This is part of the eleventh section of my around the
Complete Trip Overview & Map
Coming from Uzbekistan
12/9/05 I had been warned of Turkmenistan's liking for bureaucracy. As with their embassy the process was largely computerized and modern but I needed to visit eleven places to get my seven pieces of paper and fourteen stamps and many signatures before I could leave the border. The people helpful and directed me to the next office. I was not asked for any bribes although everyone else was paying in watermelon, bottles of beer or cash for what was a normal service. There were 100 trucks lined up on the Uzbekistan side and a similar number on the Turkmen side waiting to cross. Most were coming from Mashad in Iran, trading with Uzbekistan. The final cost for me, with bank receipts was $US 73.00. $10 for my entry, $1 for vehicle fumigation (which didn't actually occur), $15 for vehicle entry, $15 for vehicle insurance, $5 for document processing and $27 for fuel cost compensation due to the subsidized fuel, calculated at 4 cents a km for the route taken. It took about 90 minutes which I thought was pretty good considering. With an almost empty tank I headed for the nearest petrol station, 25 km away, which had run out of fuel. Led by a local down a small street into town to another station with about eighty cars lined up waiting. I thought, I have paid my, about 80 cents a litre, at the border for this fuel and now I can't get it. After a few minutes they moved me to the head of the line (not likely to happen to a Turkmen in my country or any other western country for that matter) and I filled up at 1.5 cents a litre. Apparently there is no fuel near the border because it is all smuggled to Uzbekistan, surprise, surprise. The further I travelled away from the border the shorter the fuel lines became until they disappeared near Mary, 200 km into the country. Also pre warned about the number of check posts, I tried to keep that pet hate from annoying me however each one required the writing of my details in a book. I was stopped by three young policemen who proceeded to write me a ticket for having my headlight on in daytime. An older local man selling watermelon by the road came over and told them they were stupid and to let me go, which they did. I had met two Austrian motorcyclists at the border who had been fined for speeding, $20, and for smoking on the streets of Ashgabat, $10. Through Mary I was hailed to stop by the police at almost every major intersection. After a few I decided to ignore them, just shaking my head and holding my hand out indication "why" and rode slowly past, so far without consequences. It seems easier to ignore them rather than to go through the hassles of arguing whilst they hold onto your passport. Camped just off the road about 50 km south of Mary as the sun was setting.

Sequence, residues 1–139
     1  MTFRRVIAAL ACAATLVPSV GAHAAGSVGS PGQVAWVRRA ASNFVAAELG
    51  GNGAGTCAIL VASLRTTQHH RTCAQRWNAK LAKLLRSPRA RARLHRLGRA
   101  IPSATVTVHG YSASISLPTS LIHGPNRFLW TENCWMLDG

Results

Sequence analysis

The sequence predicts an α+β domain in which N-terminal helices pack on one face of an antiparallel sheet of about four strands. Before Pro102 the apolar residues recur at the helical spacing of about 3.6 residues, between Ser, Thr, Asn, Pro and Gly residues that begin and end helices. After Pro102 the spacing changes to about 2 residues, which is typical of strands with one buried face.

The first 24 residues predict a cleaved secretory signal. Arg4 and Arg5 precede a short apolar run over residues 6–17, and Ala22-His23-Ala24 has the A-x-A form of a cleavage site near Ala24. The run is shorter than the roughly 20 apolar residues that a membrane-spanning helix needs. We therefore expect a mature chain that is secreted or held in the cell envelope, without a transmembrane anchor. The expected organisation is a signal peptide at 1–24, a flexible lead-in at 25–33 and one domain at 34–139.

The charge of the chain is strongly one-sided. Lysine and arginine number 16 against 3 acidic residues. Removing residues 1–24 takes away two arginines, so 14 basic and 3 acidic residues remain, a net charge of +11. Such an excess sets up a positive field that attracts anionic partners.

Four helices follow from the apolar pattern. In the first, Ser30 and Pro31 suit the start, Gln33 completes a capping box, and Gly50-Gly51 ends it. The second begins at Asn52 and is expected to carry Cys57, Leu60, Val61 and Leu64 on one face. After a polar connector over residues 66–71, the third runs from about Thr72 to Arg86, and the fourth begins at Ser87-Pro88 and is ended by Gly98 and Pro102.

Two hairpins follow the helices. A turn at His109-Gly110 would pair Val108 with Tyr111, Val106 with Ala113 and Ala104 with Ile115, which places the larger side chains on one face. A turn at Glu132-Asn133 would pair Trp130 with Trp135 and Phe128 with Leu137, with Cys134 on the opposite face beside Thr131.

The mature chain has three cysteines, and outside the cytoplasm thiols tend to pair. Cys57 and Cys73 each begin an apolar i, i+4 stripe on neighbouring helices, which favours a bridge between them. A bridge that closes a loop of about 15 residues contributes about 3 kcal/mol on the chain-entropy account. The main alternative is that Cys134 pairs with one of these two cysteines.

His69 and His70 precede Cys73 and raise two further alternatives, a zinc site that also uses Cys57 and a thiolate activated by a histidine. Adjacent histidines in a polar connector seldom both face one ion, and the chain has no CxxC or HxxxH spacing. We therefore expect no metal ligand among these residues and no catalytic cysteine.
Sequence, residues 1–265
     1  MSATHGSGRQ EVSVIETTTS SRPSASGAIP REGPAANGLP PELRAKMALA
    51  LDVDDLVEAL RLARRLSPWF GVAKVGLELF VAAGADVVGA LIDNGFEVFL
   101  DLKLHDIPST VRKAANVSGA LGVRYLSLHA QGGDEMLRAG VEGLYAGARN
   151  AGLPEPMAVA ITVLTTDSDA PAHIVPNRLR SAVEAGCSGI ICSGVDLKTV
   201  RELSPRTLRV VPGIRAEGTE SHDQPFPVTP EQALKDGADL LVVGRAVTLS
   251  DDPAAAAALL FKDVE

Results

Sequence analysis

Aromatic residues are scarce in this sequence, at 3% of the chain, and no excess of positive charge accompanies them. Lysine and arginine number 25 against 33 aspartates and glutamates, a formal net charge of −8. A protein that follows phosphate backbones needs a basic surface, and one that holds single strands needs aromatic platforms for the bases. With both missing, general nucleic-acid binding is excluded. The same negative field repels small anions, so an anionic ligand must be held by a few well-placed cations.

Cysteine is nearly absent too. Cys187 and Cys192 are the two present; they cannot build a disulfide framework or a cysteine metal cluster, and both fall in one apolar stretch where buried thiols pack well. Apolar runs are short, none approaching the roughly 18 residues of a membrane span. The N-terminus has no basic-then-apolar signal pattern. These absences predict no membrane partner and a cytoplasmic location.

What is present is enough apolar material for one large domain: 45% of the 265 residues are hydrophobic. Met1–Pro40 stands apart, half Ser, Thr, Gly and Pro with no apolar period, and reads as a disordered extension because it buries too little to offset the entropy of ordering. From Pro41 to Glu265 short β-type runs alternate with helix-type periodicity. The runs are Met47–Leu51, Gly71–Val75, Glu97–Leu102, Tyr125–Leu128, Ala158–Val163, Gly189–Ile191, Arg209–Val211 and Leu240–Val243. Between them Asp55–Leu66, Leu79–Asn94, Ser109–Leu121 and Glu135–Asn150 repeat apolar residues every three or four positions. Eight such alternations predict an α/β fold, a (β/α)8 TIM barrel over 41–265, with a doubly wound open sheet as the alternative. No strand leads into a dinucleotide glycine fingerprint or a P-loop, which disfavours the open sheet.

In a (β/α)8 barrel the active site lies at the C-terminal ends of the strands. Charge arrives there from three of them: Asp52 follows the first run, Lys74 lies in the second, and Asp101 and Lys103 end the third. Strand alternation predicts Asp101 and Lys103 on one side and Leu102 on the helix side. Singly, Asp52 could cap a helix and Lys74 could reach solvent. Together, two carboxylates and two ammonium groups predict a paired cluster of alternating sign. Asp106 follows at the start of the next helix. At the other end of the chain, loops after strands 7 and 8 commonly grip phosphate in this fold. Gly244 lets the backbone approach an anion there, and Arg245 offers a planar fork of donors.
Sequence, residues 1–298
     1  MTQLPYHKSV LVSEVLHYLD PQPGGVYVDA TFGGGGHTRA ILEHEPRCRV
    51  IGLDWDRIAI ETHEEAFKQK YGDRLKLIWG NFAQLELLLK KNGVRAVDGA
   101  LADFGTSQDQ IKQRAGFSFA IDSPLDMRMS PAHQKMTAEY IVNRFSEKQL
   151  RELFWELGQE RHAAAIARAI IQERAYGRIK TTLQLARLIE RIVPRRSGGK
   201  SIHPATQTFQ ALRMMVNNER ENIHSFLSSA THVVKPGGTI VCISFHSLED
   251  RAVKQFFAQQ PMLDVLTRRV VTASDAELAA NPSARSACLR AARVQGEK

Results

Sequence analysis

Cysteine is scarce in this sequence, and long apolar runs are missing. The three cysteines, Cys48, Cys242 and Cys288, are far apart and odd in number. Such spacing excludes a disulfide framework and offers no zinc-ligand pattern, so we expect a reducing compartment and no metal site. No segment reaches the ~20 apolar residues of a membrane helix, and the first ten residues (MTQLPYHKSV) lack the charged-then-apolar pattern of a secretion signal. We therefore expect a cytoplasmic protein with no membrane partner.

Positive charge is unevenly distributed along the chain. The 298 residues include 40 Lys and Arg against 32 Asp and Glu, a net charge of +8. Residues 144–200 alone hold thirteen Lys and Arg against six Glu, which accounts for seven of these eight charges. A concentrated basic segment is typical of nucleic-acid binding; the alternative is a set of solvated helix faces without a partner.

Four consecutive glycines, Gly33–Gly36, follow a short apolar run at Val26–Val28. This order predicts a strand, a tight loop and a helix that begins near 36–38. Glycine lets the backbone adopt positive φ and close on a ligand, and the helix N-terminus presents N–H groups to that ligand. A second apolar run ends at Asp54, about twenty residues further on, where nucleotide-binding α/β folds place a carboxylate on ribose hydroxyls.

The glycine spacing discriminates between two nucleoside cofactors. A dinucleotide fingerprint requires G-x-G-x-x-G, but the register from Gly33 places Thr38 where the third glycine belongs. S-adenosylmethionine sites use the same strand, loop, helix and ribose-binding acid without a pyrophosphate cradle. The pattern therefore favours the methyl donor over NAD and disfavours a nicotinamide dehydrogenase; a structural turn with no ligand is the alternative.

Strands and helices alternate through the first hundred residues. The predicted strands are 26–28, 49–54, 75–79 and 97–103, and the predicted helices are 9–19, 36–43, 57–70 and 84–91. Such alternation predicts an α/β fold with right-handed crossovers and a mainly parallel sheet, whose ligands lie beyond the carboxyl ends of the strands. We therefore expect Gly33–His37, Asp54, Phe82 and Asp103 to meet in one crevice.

13/9/05 The police were out again almost as soon as I began so with nothing better to do I decided to count them. In less than 400 km to Ashgabat, six groups of police let me pass, usually because they were occupied with another motorist, eight waved the baton at me to stop, which I ignored and three formal posts that needed to copy my details into a book. Yesterdays scenery was sandy desert, today's was flat irrigation, most crops having been harvested. There was nothing I could see to delay my progress. There were virtually no road signs but the people were helpful in giving directions. The roads good but bouncy and crazed asphalt. About 100 km out of Ashgabat I finally managed to buy 95 octane fuel. Much had been sold to me as 95 octane over the last couple of months but the engine still rattled and pinged to the extent I thought there was a problem with the bike. The fuel I had been buying, usually 80 octane advertised, would not let me accelerate without a knocking noise, and even heading into a strong wind I had to change down a gear to help protect the engine, now it accelerated smoothly and feels like a new bike, well almost. On entering Ashgabat I stopped to look for gearbox oil, the quality not good enough for the motorcycle, needing GL5, with only GL1 available, after which I found the rear tyre was flat. First one in a couple of hundred thousand kilometres from memory. Thinking myself lucky for the tubeless tyres it was a simple plug and using the small compressor I carry was on my way in less than 30 minutes. I think of all the dirt bikes that use tube tyres, having to remove the wheel and tyre for a repair and the danger of a tyre going flat quickly, particularly if a front tyre.